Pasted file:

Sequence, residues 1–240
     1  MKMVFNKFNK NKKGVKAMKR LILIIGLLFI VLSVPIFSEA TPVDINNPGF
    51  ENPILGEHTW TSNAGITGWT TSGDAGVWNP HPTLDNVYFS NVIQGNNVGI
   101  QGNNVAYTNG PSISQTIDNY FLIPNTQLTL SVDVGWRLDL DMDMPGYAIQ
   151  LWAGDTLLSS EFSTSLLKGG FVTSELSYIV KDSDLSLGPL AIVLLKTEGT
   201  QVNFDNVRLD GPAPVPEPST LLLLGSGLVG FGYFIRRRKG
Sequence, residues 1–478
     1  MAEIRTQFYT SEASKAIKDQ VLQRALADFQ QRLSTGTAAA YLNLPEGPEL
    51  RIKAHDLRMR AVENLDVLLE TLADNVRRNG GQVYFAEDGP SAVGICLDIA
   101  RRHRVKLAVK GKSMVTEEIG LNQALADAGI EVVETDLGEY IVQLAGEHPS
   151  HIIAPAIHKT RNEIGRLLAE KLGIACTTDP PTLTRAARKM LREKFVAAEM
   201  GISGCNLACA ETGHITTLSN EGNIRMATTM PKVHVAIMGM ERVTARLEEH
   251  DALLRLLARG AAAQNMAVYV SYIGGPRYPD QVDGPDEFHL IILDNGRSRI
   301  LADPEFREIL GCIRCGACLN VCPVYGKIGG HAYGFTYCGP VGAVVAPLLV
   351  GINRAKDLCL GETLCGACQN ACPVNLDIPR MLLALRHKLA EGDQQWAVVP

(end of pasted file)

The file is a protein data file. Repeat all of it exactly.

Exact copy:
Sequence, residues 1–240
     1  MKMVFNKFNK NKKGVKAMKR LILIIGLLFI VLSVPIFSEA TPVDINNPGF
    51  ENPILGEHTW TSNAGITGWT TSGDAGVWNP HPTLDNVYFS NVIQGNNVGI
   101  QGNNVAYTNG PSISQTIDNY FLIPNTQLTL SVDVGWRLDL DMDMPGYAIQ
   151  LWAGDTLLSS EFSTSLLKGG FVTSELSYIV KDSDLSLGPL AIVLLKTEGT
   201  QVNFDNVRLD GPAPVPEPST LLLLGSGLVG FGYFIRRRKG
Sequence, residues 1–478
     1  MAEIRTQFYT SEASKAIKDQ VLQRALADFQ QRLSTGTAAA YLNLPEGPEL
    51  RIKAHDLRMR AVENLDVLLE TLADNVRRNG GQVYFAEDGP SAVGICLDIA
   101  RRHRVKLAVK GKSMVTEEIG LNQALADAGI EVVETDLGEY IVQLAGEHPS
   151  HIIAPAIHKT RNEIGRLLAE KLGIACTTDP PTLTRAARKM LREKFVAAEM
   201  GISGCNLACA ETGHITTLSN EGNIRMATTM PKVHVAIMGM ERVTARLEEH
   251  DALLRLLARG AAAQNMAVYV SYIGGPRYPD QVDGPDEFHL IILDNGRSRI
   301  LADPEFREIL GCIRCGACLN VCPVYGKIGG HAYGFTYCGP VGAVVAPLLV
   351  GINRAKDLCL GETLCGACQN ACPVNLDIPR MLLALRHKLA EGDQQWAVVP